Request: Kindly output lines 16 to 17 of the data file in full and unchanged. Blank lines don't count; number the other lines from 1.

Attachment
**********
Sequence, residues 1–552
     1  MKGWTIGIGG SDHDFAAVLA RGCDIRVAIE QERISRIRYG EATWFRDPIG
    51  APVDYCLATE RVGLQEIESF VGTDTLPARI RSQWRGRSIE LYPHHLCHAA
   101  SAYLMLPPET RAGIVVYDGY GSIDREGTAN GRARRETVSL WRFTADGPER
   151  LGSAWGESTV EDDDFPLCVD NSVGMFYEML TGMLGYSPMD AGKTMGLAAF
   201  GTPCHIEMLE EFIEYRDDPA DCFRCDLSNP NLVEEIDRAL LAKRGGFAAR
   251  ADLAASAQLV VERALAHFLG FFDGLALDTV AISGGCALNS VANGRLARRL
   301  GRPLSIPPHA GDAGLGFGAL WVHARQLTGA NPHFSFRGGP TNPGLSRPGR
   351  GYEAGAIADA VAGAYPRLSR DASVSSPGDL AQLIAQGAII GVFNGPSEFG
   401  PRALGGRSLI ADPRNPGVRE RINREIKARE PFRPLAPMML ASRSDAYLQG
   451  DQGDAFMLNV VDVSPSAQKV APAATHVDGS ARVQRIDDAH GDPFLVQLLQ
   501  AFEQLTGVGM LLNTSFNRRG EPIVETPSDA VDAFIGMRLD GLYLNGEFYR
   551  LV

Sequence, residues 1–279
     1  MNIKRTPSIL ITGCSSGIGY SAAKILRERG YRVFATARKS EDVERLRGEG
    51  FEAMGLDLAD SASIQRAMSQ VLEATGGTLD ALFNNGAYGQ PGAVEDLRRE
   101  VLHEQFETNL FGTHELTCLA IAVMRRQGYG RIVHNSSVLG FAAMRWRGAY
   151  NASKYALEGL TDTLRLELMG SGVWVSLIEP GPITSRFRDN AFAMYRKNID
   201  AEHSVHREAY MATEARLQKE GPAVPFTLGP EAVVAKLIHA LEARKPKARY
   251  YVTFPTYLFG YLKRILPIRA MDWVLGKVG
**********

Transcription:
    51  FEAMGLDLAD SASIQRAMSQ VLEATGGTLD ALFNNGAYGQ PGAVEDLRRE
   101  VLHEQFETNL FGTHELTCLA IAVMRRQGYG RIVHNSSVLG FAAMRWRGAY